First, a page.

2. You want to improve your setup: If you always use VSCode Live share as a guest for instance, you will not even be aware of some setup made by your pair’s on his machine (extensions, cli tools, librairies…). By pair programming on both environments, you will make sure your setup is up to date and efficient for what you are doing. manages efficient coding sessions in a very seamless way

Disclaimer: I have no affiliation with the team. However, as someone passionate about efficient coding practices, I've become a great enthusiast of their tool, especially for its role in enhancing pair programming experiences.

I realized that most of the pair programming sessions I did were with people on the same projects as me (from a rookie dev to a tech lead). Given that the only prerequisite to using is shared access to the same remote repository (like GitHub or Gitlab), it implies that on your day-to-day projects, this requirement is almost always met. is THE tool that enables each developer to iterate on his machine, but on a single code base.

Install mob on a unix based machine

curl -sL | sh

Start the session and start coding

On your favorite repository, the first Driver starts the mob session. This creates a WIP mob branch from the current branch (in the example, my current branch is feat/beat-rustlings so it created mob/feat/beat-rustlings).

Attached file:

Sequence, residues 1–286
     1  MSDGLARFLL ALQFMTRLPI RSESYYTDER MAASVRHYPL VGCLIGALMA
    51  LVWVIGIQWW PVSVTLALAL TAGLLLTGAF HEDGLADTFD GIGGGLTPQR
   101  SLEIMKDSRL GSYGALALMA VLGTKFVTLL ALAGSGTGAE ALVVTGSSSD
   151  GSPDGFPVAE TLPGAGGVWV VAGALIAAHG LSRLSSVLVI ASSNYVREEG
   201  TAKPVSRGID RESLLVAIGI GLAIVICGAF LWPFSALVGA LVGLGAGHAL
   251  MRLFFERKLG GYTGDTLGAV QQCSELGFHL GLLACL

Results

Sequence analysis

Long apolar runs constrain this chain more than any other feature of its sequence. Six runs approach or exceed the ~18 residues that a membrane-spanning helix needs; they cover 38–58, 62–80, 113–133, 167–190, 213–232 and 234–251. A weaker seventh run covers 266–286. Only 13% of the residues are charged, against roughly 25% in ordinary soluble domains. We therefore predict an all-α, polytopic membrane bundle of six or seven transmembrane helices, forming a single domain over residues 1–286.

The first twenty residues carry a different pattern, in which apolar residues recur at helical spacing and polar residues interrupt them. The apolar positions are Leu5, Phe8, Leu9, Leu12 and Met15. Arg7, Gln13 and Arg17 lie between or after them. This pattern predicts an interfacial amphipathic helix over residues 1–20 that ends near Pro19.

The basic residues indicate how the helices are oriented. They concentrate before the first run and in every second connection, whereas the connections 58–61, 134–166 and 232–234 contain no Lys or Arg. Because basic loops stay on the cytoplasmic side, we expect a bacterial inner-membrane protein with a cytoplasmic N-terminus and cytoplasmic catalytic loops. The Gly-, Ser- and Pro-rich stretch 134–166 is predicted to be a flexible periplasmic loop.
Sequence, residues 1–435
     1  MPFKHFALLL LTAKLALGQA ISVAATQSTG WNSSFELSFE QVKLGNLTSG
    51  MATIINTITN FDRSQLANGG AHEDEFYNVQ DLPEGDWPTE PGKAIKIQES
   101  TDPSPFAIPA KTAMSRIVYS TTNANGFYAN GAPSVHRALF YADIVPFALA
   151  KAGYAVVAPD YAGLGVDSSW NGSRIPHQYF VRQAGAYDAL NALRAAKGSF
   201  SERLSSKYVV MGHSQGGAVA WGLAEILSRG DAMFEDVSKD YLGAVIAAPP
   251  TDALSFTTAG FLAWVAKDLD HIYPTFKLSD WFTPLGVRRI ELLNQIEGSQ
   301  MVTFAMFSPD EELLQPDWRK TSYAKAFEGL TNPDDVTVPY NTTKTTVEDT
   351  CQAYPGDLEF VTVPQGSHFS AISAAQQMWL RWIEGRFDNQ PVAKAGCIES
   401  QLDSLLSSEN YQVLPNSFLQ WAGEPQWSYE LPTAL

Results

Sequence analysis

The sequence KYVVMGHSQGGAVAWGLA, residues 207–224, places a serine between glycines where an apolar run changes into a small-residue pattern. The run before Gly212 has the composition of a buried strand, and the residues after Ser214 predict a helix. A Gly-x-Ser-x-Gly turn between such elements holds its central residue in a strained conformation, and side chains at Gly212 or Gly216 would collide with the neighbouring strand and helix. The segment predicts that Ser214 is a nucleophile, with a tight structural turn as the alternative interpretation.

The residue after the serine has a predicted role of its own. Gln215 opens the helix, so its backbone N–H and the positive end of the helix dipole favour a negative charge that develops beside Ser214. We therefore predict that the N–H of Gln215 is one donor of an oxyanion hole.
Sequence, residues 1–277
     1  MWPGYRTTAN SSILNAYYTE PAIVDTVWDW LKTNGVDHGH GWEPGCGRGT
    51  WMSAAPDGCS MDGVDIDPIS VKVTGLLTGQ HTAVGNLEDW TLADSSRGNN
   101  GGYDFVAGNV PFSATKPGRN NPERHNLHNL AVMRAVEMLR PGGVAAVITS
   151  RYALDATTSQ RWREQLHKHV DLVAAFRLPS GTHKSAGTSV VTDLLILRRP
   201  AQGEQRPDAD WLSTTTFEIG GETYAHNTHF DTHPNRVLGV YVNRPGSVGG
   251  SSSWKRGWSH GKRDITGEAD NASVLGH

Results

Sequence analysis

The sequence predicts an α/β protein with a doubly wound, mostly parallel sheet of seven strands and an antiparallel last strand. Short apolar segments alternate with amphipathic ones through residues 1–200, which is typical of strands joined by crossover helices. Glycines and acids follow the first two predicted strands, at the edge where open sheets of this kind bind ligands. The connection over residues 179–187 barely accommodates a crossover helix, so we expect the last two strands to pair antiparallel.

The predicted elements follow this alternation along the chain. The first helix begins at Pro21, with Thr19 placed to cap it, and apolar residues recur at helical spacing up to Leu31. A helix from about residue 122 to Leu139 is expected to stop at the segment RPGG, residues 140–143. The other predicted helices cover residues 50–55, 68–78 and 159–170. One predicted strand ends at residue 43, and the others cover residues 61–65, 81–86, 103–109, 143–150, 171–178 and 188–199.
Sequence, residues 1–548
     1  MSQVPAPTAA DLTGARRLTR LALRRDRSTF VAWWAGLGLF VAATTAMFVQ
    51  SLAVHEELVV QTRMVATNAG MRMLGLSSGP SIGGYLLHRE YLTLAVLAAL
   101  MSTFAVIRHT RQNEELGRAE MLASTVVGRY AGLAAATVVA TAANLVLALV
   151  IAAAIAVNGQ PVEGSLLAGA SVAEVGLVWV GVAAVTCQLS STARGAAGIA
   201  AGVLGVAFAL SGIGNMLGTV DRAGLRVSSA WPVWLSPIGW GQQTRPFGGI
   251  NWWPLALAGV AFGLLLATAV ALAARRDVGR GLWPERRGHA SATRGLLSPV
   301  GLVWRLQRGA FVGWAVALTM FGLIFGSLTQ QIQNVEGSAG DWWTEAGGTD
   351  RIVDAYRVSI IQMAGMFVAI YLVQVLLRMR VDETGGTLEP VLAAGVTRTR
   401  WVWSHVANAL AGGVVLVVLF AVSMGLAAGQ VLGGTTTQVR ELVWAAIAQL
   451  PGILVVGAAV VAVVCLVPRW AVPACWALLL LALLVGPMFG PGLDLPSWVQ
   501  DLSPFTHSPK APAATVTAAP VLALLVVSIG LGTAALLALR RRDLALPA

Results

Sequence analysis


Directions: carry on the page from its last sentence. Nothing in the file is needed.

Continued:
mob start --create
pair programming session start
mob start --create

Most of the setup is done, you can set a timer (in minutes):

mob timer 10

You can now start programming. YES, it is as simple as that.

Carry on with sharing & learning

Once the ten minutes are over and the first Driver is done, add all the local changes and push it on the remote mob branch by simply running:

mob next
code program pair programming
mob next

Now, the Driver and Navigator can switch roles, and the new Driver just has to move to the current or mob branch. To add the new Driver to the mob session and start developing, run:

mob start
pair programming learn code
mob start

As we can see, Emilio and I switched roles !

Then, to carry on, you can run mob next and mob start again to switch roles again and again.

Finalize the changes

Once you are done, all the changes will automatically be merged into the initial branch (in my case it is feat/beat-rustlings). I usually use the --no-squash option to keep the commits made on the mob branch as they are: clean committing is a skill you want to improve during pair programming. All other changes made on the mob branch are staged in the initial branch so you just have to commit and push following your usual git flow.

mob done --no-squash
pair programming finish session
mob done --no-squash

Happy collaborating!

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If you are still willing to improve your efficiency as a developer, you can read the following article on Github Copilot

Cet article a été écrit par

Jérémy Marchand

Jérémy Marchand